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Dairy Industry Worried Changes to Treaty Could Hurt Global Trade

Dairy Industry Worried Changes to Treaty Could Hurt Global Trade

U.S. lawmakers share concerns by the American dairy industry that changes to a 1958 treaty could endanger their rights to use common names in global trade.

“The proposed changes in the Lisbon Agreement are clearly aimed at preventing U.S. dairy producers and processors, and others, from using names in international trade that they have used for decades, such as feta, parmesan, havarti, asiago and others," said Jim Mulhern, president and CEO of the National Milk Producers Federation, in a statement.

In a Feb. 12 bipartisan letter submitted to the director of the World Intellectual Property Organization (WIPO), House and Senate leaders said proposed changes to the Lisbon Agreement for the Protection of Appellations of Origin “would have a significant impact on companies across the globe whose business depends on the use of common or generic names or on the integrity of established trademarks."

Lawmakers said the views of all WIPO members to the proposed changes aren’t being adequately considered. The WIPO, a Geneva, Switzerland-based agency of the United Nations that was established in 1967, administers the 57-year-old Lisbon Agreement.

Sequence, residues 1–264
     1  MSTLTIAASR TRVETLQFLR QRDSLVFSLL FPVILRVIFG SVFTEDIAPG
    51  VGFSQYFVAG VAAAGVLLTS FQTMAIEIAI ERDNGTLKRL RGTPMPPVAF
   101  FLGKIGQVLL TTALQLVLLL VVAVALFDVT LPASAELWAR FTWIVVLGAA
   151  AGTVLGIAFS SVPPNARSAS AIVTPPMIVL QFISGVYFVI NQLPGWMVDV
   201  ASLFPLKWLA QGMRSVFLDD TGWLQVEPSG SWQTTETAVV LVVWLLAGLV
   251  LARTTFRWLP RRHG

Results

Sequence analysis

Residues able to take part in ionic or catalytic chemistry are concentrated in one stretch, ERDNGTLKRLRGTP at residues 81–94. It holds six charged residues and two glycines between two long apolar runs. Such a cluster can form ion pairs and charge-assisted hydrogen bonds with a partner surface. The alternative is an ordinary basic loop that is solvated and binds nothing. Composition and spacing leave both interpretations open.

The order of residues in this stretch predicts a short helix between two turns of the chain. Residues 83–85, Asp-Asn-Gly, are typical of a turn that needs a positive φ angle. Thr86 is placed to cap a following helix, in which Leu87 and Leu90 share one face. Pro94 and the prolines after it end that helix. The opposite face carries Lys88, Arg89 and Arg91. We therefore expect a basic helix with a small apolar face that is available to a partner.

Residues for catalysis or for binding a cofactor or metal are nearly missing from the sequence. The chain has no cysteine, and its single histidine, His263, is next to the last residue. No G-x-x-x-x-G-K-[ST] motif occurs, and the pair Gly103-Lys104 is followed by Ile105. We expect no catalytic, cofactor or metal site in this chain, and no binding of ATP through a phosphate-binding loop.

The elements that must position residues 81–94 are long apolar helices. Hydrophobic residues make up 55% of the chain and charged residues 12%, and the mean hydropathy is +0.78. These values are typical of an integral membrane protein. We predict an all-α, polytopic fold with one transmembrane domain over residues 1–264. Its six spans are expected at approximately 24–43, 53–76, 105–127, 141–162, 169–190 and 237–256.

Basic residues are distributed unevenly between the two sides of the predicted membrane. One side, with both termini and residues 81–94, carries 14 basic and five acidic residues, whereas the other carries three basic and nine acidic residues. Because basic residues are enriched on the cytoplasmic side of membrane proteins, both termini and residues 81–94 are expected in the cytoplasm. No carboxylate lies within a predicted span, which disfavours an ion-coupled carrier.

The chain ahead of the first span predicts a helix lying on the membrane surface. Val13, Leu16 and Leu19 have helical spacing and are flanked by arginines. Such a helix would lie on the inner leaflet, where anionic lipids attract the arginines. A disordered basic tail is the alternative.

“The revisions are scheduled to be taken up for consideration and approval at this year’s Diplomatic Conference, but contrary to the common WIPO protocol of the last quarter century, non-parties to the Lisbon Agreement are currently not permitted to fully participate," declared Sen. Orrin Hatch (R-Utah), the chairman of the Senate Finance Committee, and seven other members of Congress who are chairmen or ranking members of various committees, in the letter.

The dairy industry said the WIPO needs to be more open-minded to considering opinions on the proposed changes to the treaty.

“Unless these meetings are opened to the larger WIPO membership, the amendments completed by 30 or so countries could adversely affect the rights of all WIPO members to use common food names in global trade," said Connie Tipton, president and CEO of the International Dairy Foods Association, in a statement. “The proper protocol must be maintained to ensure the continued growth of U.S. dairy exports."

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